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Myeloperoxidase Immunohistochemistry as a Measure of Disease Activity in Ulcerative Colitis: Association With Ulcerative ColitisColorectal Cancer, Tumor Necrosis Factor Polymorphism and RUNX3 Methylation

Garrity‐Park, Megan BS1*; Loftus, Edward V. Jr MD2; Sandborn, William J. MD2,3; Smyrk, Thomas C. MD4

Inflammatory Bowel Diseases:
doi: 10.1002/ibd.21681
Original Article: Original Clinical Articles
Abstract

Background:: Patients with extensive, longstanding ulcerative colitis (UC), a disease of chronic colonic inflammation, are at risk for colorectal cancer (CRC). Elucidating the mechanism and fully characterizing the nature of this chronic inflammation offers the potential to identify those at greatest risk. We performed a case‐control study comparing histologic disease activity (HDA; neutrophils on hematoxylin and eosin [H&E]‐stained slides) with immunohistochemistry (IHC) directed against specific cell types. We correlated IHC results with data previously generated on methylation status of RUNX3 and single nucleotide polymorphisms (SNPs) in tumor necrosis factor alpha (TNF‐α).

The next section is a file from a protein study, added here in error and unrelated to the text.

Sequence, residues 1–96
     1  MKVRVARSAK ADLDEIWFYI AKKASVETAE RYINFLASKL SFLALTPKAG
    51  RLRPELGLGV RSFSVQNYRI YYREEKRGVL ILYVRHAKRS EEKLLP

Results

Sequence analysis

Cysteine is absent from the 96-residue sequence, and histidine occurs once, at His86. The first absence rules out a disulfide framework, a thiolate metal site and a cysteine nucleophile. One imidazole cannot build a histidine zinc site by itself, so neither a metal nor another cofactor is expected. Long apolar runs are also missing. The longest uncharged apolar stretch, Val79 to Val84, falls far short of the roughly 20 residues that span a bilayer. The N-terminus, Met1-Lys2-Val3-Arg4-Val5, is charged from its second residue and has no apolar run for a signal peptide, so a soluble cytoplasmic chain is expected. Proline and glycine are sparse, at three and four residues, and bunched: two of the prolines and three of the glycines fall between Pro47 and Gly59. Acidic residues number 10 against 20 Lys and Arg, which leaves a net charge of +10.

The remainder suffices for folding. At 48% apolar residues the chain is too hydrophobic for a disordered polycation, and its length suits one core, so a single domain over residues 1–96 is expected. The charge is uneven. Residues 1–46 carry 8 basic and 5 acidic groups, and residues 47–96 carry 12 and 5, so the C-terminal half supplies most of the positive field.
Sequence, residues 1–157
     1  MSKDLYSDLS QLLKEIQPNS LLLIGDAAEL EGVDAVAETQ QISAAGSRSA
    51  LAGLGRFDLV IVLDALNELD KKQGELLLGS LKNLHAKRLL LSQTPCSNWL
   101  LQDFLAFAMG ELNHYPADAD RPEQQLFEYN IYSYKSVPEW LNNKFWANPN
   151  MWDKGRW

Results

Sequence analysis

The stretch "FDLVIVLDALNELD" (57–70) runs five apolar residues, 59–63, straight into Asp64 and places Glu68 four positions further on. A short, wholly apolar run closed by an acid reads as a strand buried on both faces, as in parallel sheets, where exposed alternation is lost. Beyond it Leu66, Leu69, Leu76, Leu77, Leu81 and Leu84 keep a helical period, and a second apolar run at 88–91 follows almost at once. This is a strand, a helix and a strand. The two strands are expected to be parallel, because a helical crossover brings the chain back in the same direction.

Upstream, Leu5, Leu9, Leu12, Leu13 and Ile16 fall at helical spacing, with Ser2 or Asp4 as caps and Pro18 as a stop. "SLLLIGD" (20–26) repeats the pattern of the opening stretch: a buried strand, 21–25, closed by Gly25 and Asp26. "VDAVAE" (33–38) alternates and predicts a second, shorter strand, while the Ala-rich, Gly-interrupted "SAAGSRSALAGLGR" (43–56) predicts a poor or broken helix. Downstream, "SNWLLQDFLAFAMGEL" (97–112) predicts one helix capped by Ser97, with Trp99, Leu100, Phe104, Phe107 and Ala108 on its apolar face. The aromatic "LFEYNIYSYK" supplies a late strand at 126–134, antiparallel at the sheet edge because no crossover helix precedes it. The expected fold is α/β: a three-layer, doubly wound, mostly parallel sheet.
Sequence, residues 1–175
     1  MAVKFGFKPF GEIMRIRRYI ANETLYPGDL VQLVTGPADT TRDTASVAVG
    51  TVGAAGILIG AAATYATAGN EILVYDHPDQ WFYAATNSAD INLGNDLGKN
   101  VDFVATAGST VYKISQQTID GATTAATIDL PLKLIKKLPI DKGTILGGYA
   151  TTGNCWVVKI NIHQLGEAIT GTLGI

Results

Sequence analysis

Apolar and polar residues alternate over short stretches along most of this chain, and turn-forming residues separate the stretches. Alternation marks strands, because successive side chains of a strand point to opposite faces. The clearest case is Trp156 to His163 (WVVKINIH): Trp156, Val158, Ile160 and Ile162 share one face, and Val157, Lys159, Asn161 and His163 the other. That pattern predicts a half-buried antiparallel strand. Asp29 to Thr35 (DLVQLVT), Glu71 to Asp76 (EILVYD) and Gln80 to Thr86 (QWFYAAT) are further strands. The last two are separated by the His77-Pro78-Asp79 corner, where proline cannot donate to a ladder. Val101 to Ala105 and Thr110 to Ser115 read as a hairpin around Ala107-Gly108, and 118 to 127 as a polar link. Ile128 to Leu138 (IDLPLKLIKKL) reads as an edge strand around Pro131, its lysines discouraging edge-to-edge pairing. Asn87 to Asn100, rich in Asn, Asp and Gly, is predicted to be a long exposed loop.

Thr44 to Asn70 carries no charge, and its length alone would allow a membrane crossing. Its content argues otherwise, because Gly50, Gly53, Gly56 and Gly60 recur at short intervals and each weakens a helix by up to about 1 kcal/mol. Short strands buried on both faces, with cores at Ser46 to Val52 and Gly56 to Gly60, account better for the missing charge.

Methods:: A nonadjacent, nonneoplastic section of bowel wall was identified for each UC‐CRC case. HDA was assessed for UC‐CRC cases (n = 50) and UC‐controls (n = 50). Sections were immunostained using antibodies against macrophages (CD68), neutrophils/monocytes (myeloperoxidase, MPO), and T cells (CD3). Slides were scored using ImageJ and results reported as the percent area positive for each marker.

Results:: HDA did not correlate with infiltrate levels as measured by IHC and increasing HDA was inversely related to UC‐CRC risk. Conversely, the percent area positive for CD68 and MPO was significantly elevated in UC‐CRC cases versus controls (P = 0.04 and < 0.0001, respectively). In areas designated inactive, MPO staining remained significantly higher in UC‐CRC cases versus controls (P = 0.002). Increased MPO staining was associated with methylation of RUNX3 and the TNF‐α −308G>A SNP.

Conclusions:: HDA is less sensitive than IHC and may underestimate inflammatory cell populations associated with UC‐CRC. The epigenetic/genetic associations related to elevated MPO staining in UC‐CRC may offer new methods for risk stratification and adjunctive screening tools. (Inflamm Bowel Dis 2011;)

Author Information

1*Division of Experimental Pathology and Lab Medicine, Mayo Clinic, Rochester, Minnesota

2Division of Gastroenterology and Hepatology, Mayo Clinic, Rochester, Minnesota

3Division of Gastroenterology, University of California San Diego, La Jolla, California

4Division of Anatomic Pathology, Mayo Clinic, Rochester, Minnesota

*200 First St. SW, Stabile 2‐50, Rochester, MN 55905

Email: garrity.megan@mayo.edu

Received 16 December 2010; Accepted 17 January 2011

Published online 18 March 2011 in Wiley Online Library (wileyonlinelibrary.com).

© Crohn's & Colitis Foundation of America, Inc.

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